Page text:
Reflection Discussion

VP@C learners leading a group of DCE fourth-graders in a reflection on their escape room experience.

“Escape” from Victory Place

—Ryan Smits

The fourth grade learners of Denton Creek Elementary participated in an escape room experience at Victory Place @ Coppell on October 12, 2017. Over the course of the previous two weeks, VP@C learners worked to create an escape room experience. The goal: to challenge their participants to think creatively, work as a team, and solve their carefully crafted puzzles using problem solving skills. The experience included various “gizmos” that needed to be coded, which engaged the learners in computational thinking. The day was a success, and the Denton Creek learners and educators expressed their appreciation of the experience.

Two weeks earlier, the VP@C learners were given the opportunity to design an escape room for fourth-graders. They decided on a Disney theme with four pathways: Frozen, Moana, Toy Story, and Finding Nemo. Many of them put in extra time and effort creating props and decorations, outside of school hours, to make sure it was a great experience. One student said, “I think it will be the decorations that make the difference, and make them think it is really special.”

As the fourth-graders arrived and awaited instructions, they squirmed in their seats with visible excitement.  One would nudge their friend and say, “Oh! That one is Moana, I love Moana!” while another would say, “That one over there is Frozen!”  They were eager to begin their hour-long experience at Victory Place.

VP@C learners explained to attentive ears that, “in order to complete an escape room, you need to show cooperation, have curiosity, and use your problem solving skills.” The DCE learners had to decipher secret codes, find hidden objects, figure out riddles, and program electronics to perform certain tasks.  They understood and were ready for their challenge.

With the timer set for 30 minutes, someone counted them off, “Three...Two...One... Go!” and the DCE learners, in groups of two or three, explored their corners of the room.  They picked objects up, moved items around, and when they found a clue, would exclaim, “Yay, I found a clue!” With their new clue in hand they would continue their search, seeking help from their partners until they were victorious.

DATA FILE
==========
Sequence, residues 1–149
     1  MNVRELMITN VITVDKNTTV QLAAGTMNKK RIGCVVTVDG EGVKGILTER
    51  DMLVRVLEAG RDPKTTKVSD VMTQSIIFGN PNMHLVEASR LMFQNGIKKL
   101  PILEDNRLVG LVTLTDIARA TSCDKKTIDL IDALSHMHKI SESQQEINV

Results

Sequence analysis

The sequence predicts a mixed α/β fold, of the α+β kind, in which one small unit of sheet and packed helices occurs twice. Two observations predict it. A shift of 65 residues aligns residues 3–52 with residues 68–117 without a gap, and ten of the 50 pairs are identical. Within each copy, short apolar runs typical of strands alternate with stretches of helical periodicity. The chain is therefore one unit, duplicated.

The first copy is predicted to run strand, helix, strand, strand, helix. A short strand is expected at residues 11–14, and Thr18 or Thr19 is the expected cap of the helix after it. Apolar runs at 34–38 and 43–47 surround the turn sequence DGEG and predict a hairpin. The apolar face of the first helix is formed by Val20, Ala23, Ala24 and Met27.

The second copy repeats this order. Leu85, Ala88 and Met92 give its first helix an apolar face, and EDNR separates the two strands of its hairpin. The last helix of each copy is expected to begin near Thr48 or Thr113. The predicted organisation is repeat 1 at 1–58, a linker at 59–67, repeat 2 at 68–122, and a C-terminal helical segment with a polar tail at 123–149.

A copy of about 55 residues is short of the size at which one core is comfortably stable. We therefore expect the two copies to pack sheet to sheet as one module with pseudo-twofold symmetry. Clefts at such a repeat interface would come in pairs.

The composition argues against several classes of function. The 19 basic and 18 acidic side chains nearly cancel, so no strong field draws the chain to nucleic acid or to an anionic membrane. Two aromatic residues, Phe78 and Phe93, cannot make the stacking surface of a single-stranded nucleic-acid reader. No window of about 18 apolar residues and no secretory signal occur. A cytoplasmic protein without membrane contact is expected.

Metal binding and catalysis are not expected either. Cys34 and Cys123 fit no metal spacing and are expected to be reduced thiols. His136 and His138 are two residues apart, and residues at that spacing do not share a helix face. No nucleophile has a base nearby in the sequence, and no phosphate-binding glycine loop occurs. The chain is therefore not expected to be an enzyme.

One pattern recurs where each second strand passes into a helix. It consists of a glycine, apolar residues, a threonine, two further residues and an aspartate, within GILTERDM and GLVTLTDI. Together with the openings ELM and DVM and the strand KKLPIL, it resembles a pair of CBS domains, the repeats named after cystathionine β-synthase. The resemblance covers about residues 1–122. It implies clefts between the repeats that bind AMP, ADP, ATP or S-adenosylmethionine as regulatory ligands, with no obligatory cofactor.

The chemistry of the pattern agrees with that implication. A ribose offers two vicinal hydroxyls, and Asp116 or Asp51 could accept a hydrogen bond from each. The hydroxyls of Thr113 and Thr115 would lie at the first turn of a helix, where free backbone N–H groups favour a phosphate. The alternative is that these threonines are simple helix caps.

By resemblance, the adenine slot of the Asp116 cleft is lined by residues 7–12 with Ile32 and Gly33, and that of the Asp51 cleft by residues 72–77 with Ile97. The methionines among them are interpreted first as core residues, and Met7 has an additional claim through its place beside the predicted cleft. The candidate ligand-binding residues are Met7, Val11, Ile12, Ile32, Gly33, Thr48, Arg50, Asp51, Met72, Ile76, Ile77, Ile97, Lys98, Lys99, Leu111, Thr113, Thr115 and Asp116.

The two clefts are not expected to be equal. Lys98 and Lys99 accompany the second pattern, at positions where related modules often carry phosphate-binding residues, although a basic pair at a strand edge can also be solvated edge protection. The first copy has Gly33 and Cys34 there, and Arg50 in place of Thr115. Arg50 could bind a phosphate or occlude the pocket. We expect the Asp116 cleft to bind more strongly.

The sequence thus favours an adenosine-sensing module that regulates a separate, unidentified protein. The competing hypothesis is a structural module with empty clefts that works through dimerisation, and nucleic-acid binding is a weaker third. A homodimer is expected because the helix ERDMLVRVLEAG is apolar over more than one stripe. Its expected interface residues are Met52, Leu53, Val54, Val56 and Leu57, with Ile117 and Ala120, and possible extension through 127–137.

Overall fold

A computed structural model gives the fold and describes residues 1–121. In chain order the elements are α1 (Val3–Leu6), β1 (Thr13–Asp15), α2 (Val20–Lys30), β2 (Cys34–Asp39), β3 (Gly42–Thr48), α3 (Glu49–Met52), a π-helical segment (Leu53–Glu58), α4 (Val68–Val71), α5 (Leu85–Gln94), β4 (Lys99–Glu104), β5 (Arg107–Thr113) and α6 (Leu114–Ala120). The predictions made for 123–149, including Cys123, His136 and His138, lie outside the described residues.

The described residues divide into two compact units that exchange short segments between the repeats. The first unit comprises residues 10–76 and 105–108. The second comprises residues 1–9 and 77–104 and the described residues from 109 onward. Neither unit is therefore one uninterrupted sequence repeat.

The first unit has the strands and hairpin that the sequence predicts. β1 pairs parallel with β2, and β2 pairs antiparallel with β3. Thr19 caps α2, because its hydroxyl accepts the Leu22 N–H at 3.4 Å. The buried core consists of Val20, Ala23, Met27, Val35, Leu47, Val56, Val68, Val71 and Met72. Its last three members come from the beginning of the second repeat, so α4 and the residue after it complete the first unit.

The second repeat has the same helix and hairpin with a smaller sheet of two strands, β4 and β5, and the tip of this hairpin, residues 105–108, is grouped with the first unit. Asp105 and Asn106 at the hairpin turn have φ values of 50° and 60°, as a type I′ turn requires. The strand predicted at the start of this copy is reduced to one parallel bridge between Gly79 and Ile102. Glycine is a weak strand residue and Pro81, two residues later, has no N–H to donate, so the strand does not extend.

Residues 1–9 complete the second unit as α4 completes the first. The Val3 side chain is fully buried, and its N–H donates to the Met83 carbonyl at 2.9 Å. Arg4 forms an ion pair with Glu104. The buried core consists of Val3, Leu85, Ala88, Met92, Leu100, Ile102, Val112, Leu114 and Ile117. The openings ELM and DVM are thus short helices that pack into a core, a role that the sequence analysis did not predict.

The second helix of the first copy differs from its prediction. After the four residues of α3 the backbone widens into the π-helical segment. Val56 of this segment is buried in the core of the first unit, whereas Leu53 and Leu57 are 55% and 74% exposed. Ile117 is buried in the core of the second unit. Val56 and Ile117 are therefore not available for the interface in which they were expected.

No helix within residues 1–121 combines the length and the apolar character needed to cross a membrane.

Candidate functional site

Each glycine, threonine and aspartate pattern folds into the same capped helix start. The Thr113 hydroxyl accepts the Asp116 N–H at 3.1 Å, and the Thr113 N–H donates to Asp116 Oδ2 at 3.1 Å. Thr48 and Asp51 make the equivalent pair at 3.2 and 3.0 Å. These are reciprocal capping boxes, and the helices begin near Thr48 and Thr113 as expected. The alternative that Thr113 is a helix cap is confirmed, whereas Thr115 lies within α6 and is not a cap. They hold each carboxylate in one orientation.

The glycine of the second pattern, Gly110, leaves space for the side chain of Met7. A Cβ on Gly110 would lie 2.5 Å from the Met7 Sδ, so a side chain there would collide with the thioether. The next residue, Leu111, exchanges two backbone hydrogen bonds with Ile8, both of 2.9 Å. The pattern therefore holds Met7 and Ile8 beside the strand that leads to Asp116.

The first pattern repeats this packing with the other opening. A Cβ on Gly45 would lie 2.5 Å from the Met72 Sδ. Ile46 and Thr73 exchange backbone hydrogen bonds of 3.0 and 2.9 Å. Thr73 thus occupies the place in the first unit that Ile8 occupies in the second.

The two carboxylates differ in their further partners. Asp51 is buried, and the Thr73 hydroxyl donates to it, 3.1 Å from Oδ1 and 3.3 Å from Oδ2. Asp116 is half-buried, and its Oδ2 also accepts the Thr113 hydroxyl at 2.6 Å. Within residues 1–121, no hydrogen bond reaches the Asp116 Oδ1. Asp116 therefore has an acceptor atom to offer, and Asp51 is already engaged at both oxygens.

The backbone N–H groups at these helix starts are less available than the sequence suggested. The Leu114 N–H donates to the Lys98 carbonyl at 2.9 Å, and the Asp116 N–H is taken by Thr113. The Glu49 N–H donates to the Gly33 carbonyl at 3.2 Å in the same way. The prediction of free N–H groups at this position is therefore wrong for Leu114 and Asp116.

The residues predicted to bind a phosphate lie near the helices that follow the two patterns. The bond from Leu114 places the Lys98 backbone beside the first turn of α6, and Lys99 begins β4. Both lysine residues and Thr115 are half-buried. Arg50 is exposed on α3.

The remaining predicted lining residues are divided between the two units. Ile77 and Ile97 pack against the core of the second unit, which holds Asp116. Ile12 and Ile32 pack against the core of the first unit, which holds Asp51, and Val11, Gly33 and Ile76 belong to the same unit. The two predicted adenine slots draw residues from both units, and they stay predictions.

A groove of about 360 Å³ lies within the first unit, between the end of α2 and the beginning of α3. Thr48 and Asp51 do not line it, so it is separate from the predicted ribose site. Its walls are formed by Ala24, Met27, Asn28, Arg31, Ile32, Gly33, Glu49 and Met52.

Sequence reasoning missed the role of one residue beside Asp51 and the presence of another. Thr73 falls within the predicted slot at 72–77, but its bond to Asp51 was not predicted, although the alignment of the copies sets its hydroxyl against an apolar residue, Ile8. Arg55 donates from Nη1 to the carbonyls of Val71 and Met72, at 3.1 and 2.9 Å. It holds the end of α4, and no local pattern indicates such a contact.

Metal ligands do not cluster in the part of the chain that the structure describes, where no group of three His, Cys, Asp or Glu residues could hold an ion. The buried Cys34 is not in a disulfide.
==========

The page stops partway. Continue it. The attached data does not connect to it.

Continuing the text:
Every team was successful, although sometimes it came right down to the wire, with the final box opened with only seconds left on the timer.  They cheered in joy when they finished. As they successfully ‘escaped’ Victory Place some said, “That was the best” and one let us know that “you have to pay $31 at the mall for this, I can’t believe there was no admission!”

After they ‘escaped’, VP@C learners led a discussion. The fourth-graders explained what they liked, what they thought was frustrating, and which Great Expectations Life Principles they used. Many said their favorite parts were the robots they used, such as the Ozobot, Sphero, and Probot. Several learners said they “really enjoyed programming the robots to do what we needed. “ They added that cooperation was key to being successful and, “it would have been harder without a partner.” When asked if they want to come back in May for a new escape room, the decision was unanimous: absolutely, positively, Yes!

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